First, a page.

Nick Foles, you're no Steve Young.
Photo by Chris Morrison/US Presswire

You know what’s exciting? Conference rankings that shuffle every week. Some teams making huge jumps while others plummet to the depths.

We don’t have any of that here.

All three of the favorites are 1-0. Each of the 0-1 teams was projected for the middle of the Pac or worse. Here are your boring rankings of the league contenders:

1. Oregon
2. Stanford
3. ARIZONA
4. Oregon State
5. Arizona State
6. Washington
7. Cal
X. UCLA
X. Washington State
X. USC

Let me save you the trouble:

How can UCLA still be eliminated?! Didn’t you see them manhandle THE University of Texas, in Tejas???!?!?

The Bruins certainly didn’t take too kindly to getting crossed off the list. They did the conference proud by rising from the dead to beat a ranked team in consecutive weeks. The rest of the league will have to take them seriously and they’re very much in the running for their second straight bowl game.

But the Survivor Rankings are a different beast. Once your torch is snuffed you have to leave the island and you can’t come back. Besides, I’m going to go out on a limb and say 27 passing yards won’t get it done against the rest of the Pac-10.

So, yeah, the only change in the rankings is flip-flopping Washington and Cal. I would pick the Bears in a head-to-head matchup but UW gets the slight bump since they haven’t had the opportunity to lose a conference game yet.

Fear not, the heart of the Pac-10 season is upon us and we’ll start to see some real movement in the rankings as teams outwit their competition, outplay the preseason predictions and outlast the pretenders.

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Last Saturday was a very interesting night for the fans in the “Red Zone” section of Arizona Stadium. All week the talk had been of YouTube videos and ESPN screenshots contributing to the UA’s growing reputation as an overly-hostile fan base.

During the pregame warm-ups a tall man in an Arizona polo shirt came up into the bleachers. The whispers quickly spread identifying him as UA athletic director Greg Byrne. It was as if the principal had walked into the classroom.

But Byrne didn’t come to scold people or give a lecture. He casually made his way through the section, introducing himself, shaking hands and talking Wildcat sports. He thanked the individual fans for their support then politely asked that people keep things under control. It was a very personal gesture that is going to be far more effective than adding a few more P.A. announcements.

The night ended with the thrilling comeback and the Red Zone being a part of the spontaneous victory lap around the stadium by some of the players. Paul Vassallo capped it off with the Arizona version of the Lambeau Leap (the Bear Down Bound?).

Not a bad evening for the folks in the cheap seats.

– – –

Did someone say “thrilling comeback”? Time to update the list:

Nick Foles’ Potential Game-Winning Drives

Vs. Time Left Deficit Result W/L
Washington 2:27 3 INT L
Stanford 5:27 5 TD (Grigsby 57 yard run) W
Cal 1:21 8 sack on 4th down L
ASU 2:02 tied 3-and-out (followed by muffed punt) W
USC 7:13 3 TD W
Iowa 8:12 tied TD W
Cal 2:37 6 TD W

Success rate up to 57% with a 5-2 team record. Uh huh.

– – –

I do have to admit I’m not a fan of Foles’ left-handed throws and blind flings toward the sideline to try and avoid sacks. If the pressure gets there and you can’t make a standard throw the primary objective is to secure the ball.

Is righthandedfoles4heisman.com available?

– – –

Five out of six for the red jerseys! A winning 4-3 record for red-on-red! Fear the striped white helmets with the white facemasks!!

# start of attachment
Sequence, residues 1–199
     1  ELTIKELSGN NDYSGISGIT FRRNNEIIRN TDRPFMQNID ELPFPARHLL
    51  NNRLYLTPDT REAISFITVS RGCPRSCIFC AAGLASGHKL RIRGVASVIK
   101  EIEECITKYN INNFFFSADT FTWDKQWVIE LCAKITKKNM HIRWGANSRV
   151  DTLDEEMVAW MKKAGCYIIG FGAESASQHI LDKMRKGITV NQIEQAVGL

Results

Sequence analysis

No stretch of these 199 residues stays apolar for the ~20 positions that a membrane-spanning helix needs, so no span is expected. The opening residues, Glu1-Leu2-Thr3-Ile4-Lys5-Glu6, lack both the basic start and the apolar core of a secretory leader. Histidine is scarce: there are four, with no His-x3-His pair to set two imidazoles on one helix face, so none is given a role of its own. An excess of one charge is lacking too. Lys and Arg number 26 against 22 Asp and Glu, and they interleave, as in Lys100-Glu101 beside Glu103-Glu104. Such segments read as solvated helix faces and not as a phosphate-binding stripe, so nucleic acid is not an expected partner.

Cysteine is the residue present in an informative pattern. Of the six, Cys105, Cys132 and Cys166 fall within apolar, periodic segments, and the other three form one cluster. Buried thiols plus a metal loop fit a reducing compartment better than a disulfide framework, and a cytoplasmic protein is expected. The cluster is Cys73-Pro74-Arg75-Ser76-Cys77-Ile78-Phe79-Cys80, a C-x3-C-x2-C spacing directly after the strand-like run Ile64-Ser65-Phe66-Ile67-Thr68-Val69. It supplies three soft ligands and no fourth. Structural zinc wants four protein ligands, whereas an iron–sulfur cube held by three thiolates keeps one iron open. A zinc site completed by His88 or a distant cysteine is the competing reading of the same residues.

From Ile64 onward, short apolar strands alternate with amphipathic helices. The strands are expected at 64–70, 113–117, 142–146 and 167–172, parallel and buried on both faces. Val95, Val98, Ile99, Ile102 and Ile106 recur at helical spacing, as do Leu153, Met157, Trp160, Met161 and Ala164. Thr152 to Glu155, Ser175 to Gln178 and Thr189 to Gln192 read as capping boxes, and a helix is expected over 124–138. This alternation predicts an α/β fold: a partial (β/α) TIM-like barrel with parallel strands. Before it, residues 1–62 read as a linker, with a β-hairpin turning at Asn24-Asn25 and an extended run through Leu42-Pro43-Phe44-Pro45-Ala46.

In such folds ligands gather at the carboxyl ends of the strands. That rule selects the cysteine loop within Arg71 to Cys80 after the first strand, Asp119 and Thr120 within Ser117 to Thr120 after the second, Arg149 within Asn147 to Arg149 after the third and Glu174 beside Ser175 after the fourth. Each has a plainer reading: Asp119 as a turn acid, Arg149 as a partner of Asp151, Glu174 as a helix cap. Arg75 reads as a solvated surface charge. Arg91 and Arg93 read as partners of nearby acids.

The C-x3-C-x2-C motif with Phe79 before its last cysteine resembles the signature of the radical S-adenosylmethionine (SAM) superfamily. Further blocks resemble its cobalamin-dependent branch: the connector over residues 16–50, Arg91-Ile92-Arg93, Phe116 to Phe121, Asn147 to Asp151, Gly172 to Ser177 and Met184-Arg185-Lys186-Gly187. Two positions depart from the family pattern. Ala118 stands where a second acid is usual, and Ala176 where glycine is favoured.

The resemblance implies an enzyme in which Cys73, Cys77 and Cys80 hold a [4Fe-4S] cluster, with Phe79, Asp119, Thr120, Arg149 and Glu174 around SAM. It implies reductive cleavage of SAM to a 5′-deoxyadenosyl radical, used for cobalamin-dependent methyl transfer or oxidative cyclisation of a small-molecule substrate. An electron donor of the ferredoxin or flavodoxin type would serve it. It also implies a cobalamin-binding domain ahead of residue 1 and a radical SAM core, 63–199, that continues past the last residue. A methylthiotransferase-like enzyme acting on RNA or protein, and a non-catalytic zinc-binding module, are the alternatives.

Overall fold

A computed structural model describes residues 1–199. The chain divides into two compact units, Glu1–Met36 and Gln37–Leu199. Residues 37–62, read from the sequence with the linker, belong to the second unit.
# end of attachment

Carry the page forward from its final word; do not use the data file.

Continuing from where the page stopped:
Oh, and Cal wore a uniform combination in which they were 0-2. Now they’re 0-3.

– – –

There was a distinct lack of rhythm from the Arizona offense for 57.5 minutes Saturday night. The strange hockey-style changes to the lineup couldn’t have helped. On one play you would have the starting skill position guys in and then the next there would be a whole set of guys that had fans reaching for their program. Richard Morrison (#14), Gino Crump (#21) and Terrence Miller (#87) were all on the field at the same time.

I understand the need to get reps for inexperienced guys but you’re supposed to be creating confusion among the defense, not your own players. The personnel changes were often late in the play clock, some players didn’t know where to line up, and then you had the “illegal substitution infraction” (the offense breaking the huddle with 12 men on the field). I think the wholesale receiver swapping needs to be sent to the sideline.

– – –

Cal’s Oski, my favorite of the visiting Pac-10 mascots, was conspicuously absent against the Cats. His appearance and behavior are like that of the inappropriate old uncle who makes Thanksgiving so entertaining.

– – –

Lost in the madness of the comeback was Mike Stoops’ curious decision to go for it on 4th-and-1 from his own 44 with 1:49 left in the 2nd quarter and Cal up 6-0. Nic Grigsby eluded two defenders in the backfield, picked up the first down and the UA was able to hold the ball the rest of the half (with Foles throwing the deflected interception in the end zone). Fail on that 4th down gamble, fall behind 13-0 and it could have been a whole different ballgame.

On the flip side Stoops gets full credit for taking his timeouts to preserve time before the (second) missed field goal. He was either telling his players, “Don’t worry, they’re going to miss this!” or “We’ve got the best onside kick play in all the land!”

– – –

That’s two straight games where a missed kick at the end swayed things in Arizona’s favor. But before you write off the wins as sheer luck think back to the 2008 Oregon State game where the Beaver kicker missed the game-tying extra point only to end up kicking a game-winning field goal as time expired.

You know what they say: When you get the gift shank, you still have to take it to the bank.